DBT Mindfulness HOW Skills

Yesterday in my DBT Skills Group, we learnt about the HOW Skills of Mindfulness:

  • One-mindfully
  • Effectively
  • Non-judgementally

Here is the worksheet from the group, outlining each of the HOW Skills and explaining how they can be utilised effectively.

We spent most of the time we had talking about the ‘Non-judgementally’ aspect of the HOW skills. Apparently it is common in DBT for clients to get stuck on this skill specifically, because of course judgements are such an integral part of modern day society, and because in certain contexts they can feel so justified too. One member of the group was finding it difficult to understand exactly how and why judgements can be so damaging, and so we spent a lot of time talking this through.

We talked about two different types of judgements – discerning judgements vs. evaluating judgements.

The former refers to judgements which are neither positive nor negative but which are necessary in effectively making a decision. For example, if you look outside of your window every morning to see what the weather is doing in order to make a decision about what clothes to wear that day – you are making a discerning judgement. You are using facts and evidence to effectively influence your decisions and behaviour from a Reasonable Mind perspective.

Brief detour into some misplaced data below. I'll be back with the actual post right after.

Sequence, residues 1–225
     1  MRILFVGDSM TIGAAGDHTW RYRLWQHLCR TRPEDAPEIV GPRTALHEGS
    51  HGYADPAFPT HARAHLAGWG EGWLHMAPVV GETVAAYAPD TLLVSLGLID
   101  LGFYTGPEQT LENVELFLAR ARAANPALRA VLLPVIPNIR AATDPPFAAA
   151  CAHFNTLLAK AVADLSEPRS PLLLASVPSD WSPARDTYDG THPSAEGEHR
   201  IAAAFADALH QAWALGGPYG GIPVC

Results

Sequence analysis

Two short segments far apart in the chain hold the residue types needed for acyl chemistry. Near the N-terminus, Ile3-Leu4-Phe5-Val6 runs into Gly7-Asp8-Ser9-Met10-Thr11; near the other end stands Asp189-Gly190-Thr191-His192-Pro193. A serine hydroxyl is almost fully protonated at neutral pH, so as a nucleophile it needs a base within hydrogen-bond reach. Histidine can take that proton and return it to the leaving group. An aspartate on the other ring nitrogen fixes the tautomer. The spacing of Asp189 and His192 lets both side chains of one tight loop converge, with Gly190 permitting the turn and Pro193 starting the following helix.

An evaluating judgement, however, is when you label something as good or bad, so that the situation or person you are describing becomes defined by your subjective experience. For example, if I look outside of my window in the morning, see that it’s grey and raining, and think to myself what a disgusting, ugly and crappy day it is today – I am making an evaluative judgement. Here, an individual is in a state of Emotion Mind, during which emotions and behaviours are likely to be influenced in a way that only increases suffering and decreases acceptance levels and happiness.

We all agreed that the aim here would be to decrease our use of evaluating judgements toward people, places and things as being ‘good’ or ‘bad’, by instead expressing our experiences of them in a more descriptive and less black-or-white way.

For example, instead of saying “That was the shittest and most pointless film I have ever seen in my life”, one could say “I did not particularly enjoy that movie. In my opinion it lacked substance and I found it difficult to feel connected to the characters”.

Ultimately, though only subtly different at times, thinking more descriptively and less judgementally actually results in decreased suffering, increased wisdom and decreased reactivity.

It sounds totally worth it, but it is actually really hard. Especially for individuals who experiences a lot of internal banter, high anxiety and low self-esteem, the judgements seem to come thick and fast. Our homework for the week is to therefore use a little device called a ‘clicker’ to keep track of the number of judgements we make during a specific time frame within the week, with the aim for the count to decrease, being Mindful, and over time.


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